In practice, the Section 18(2)(b) exception would apply to a public company listed on the Hong Kong stock market, which is subject to strict regulatory rules on disclosure.  Specifically, under Rule 13.09 of the Rules Governing the Listing of Securities on The Stock Exchange of Hong Kong Limited (“Listing Rules“) and Part XIVA of the Securities and Futures Ordinance (Cap. 571) (“Securities and Futures Ordinance“), a listed company shall disclose inside information to the public as soon as reasonably practicable after such inside information has come to its knowledge.  “Inside information” is defined as specific information about the corporation that is not generally known to the public but would, if generally known, be likely to materially affect the price of the listed securities.

The regulations will be seen as an exception to the duty of confidentiality.  They impose a mandatory duty on listed companies to disclose arbitration-related information to the public as soon as reasonably practical.  The duty of disclosure arises if the arbitration will likely materially affect the company’s share price.  Having said that, the regulations are silent on what constitutes materiality.  In practice, the listed company will usually exercise discretion on the level of materiality, for example, by comparing the claim value against its annual revenue to decide if the arbitration is indeed material.

Some commentators further categorise the listed company’s disclosure duty as one concerning public interest – because a listed company owes a duty to the public to disclose information likely to materially affect the share price to enable an investor to make an informed assessment of the activities, assets, and liabilities of the company.  Failure to make prompt and fair disclosure would endanger the benefits of the investors and the wider public.

 

What is the boundary between the duty of confidentiality and the duty of disclosure?

It is reasonably clear that in Hong Kong, a listed company is obliged to disclose information relating to arbitration to the public if the dispute is considered to likely materially affect the share price.  Its obligation is imposed by the regulations thus constitutes an exception to the duty of confidentiality.

However, this is never the end of the story. When the listed company intends to comply with its disclosure duty, there seems to be no clear guidance on what the listed company shall disclose, or what constitutes disclosure “as soon as reasonably practical“.  Some commentators hold the view that the listed company will have to at least disclose the existence of arbitration proceedings as it is likely to materially affect the price of the listed securities.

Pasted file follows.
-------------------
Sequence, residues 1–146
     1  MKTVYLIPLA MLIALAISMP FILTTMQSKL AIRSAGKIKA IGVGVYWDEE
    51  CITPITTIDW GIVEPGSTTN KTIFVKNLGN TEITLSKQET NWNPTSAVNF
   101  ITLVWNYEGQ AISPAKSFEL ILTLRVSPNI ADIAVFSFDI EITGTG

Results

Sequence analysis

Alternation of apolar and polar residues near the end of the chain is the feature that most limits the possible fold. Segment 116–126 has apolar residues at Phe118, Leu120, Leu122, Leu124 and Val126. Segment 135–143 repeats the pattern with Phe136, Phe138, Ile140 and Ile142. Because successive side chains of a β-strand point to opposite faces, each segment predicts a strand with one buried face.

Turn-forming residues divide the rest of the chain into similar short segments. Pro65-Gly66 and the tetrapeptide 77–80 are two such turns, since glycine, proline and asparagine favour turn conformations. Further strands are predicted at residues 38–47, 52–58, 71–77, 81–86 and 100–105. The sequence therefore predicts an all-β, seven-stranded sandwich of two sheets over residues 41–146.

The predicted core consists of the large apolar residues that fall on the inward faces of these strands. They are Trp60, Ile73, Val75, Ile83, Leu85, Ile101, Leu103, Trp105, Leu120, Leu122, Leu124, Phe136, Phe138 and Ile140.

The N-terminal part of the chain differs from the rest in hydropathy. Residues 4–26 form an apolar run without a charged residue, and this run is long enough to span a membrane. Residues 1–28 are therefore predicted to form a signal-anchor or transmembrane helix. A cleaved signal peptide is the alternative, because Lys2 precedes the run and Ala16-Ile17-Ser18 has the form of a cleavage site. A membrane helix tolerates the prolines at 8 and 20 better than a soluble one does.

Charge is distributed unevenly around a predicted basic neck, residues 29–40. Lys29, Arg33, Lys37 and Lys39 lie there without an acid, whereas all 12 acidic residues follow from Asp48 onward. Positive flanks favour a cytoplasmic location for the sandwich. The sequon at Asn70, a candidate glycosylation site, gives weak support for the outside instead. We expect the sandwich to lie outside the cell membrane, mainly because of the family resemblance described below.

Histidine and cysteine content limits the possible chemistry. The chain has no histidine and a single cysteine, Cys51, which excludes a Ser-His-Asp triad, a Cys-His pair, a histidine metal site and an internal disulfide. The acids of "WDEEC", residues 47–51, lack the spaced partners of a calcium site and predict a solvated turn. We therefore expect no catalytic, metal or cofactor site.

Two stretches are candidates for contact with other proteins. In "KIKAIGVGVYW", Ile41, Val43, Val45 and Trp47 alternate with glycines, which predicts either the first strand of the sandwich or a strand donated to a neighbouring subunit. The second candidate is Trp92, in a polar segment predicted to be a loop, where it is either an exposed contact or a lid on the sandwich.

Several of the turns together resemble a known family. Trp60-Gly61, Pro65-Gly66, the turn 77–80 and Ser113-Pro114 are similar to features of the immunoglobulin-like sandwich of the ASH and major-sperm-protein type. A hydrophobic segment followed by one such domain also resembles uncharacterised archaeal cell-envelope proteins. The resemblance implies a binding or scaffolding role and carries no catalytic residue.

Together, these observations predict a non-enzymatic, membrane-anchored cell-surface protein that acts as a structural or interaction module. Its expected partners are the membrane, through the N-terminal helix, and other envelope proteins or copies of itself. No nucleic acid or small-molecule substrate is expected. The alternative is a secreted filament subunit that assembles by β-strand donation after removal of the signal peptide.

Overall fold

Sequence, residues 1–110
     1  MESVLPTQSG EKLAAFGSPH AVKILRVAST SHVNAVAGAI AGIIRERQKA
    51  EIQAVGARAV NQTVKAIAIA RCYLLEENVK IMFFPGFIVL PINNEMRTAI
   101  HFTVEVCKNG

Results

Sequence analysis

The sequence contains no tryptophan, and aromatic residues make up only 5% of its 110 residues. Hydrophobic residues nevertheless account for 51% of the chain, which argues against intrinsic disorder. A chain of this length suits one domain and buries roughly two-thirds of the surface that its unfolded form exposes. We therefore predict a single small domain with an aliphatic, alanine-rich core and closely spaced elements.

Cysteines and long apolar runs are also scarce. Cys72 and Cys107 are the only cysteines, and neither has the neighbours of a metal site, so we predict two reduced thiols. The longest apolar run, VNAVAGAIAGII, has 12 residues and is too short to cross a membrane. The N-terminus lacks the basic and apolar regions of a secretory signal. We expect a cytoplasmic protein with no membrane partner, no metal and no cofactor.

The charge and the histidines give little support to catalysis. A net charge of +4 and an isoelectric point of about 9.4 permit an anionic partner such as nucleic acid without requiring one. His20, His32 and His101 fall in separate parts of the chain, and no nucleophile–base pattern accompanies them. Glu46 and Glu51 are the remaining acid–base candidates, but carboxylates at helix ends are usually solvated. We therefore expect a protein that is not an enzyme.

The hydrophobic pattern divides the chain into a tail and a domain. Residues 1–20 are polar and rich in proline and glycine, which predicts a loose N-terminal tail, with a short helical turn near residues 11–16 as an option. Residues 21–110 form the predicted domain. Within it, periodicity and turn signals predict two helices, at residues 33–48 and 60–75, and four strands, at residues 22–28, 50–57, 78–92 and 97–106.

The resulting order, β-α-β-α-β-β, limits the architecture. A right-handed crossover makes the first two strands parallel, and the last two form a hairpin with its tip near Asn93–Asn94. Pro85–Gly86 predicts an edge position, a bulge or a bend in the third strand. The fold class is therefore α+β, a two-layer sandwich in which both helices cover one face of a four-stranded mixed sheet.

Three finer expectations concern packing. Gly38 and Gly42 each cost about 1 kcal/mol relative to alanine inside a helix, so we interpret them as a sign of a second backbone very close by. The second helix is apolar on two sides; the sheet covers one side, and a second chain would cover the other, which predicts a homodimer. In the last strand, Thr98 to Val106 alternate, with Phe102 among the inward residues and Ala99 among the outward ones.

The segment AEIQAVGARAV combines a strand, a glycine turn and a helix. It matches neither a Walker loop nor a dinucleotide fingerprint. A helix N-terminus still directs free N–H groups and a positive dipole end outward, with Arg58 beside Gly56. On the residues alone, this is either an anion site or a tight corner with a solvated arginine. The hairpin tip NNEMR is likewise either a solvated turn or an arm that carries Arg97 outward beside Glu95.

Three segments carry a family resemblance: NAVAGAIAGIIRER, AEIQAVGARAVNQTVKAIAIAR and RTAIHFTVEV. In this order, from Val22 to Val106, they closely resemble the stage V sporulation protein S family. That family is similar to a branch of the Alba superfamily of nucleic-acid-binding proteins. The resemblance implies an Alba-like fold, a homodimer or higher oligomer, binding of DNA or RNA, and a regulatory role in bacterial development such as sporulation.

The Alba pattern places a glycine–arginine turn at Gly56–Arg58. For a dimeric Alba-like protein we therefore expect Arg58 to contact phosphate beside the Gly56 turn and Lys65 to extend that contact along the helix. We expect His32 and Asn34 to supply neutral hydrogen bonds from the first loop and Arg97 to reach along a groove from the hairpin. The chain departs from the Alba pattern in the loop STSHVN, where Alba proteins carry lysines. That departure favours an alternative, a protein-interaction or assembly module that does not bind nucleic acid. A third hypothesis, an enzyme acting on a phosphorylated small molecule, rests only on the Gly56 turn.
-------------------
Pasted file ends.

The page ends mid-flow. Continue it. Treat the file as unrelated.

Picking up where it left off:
In the real world, listed companies face myriad uncertainties surrounding disclosure.  To name a few:

  • When does the duty of disclosure arise? The Listing Rules and the Securities and Futures Ordinance require disclosure by the listed company as soon as reasonably practicable after any inside information has come to its knowledge. It is uncertain if the listed company would have to disclose the existence of the arbitration as soon as arbitration commences, or if it could disclose the arbitration only after it has received the arbitral award.  In our view, this will depend on the nature of the disputes and expectation of how that arbitration will impact on the listed securities.
  • More importantly, what should a listed company disclose, and not disclose? The listed company should be cautious about disclosing more information than is reasonably necessary, as suggested in Housing Authority.  In practice, Hong Kong courts recognise that injunctions can be used to prevent the disclosure of confidential information.  Moreover, bearing in mind that the duty of confidentiality concerns a duty towards the parties in the arbitration, the listed company shall consider carefully the likely impact on the other party in case of disclosure.

 

Although there is no universal answer, to minimise the uncertainties, parties are encouraged to expressly agree on the extent of disclosure in the arbitration agreement, for example, that the parties agree to keep all information relating to the arbitration and the award confidential to the extent possible.  Parties should also carefully consider the confidentiality positions under the applicable laws as well as the applicable institutional rules when drafting the arbitration agreement.

In case of disclosure, public companies should act with caution to disclose the information that is reasonably necessary for investors to make an informed decision.  The public company must seek proper advice and carefully consider the timing and scope of disclosure before doing so. Needless to say, each instance will need to be examined on a case-by-case basis.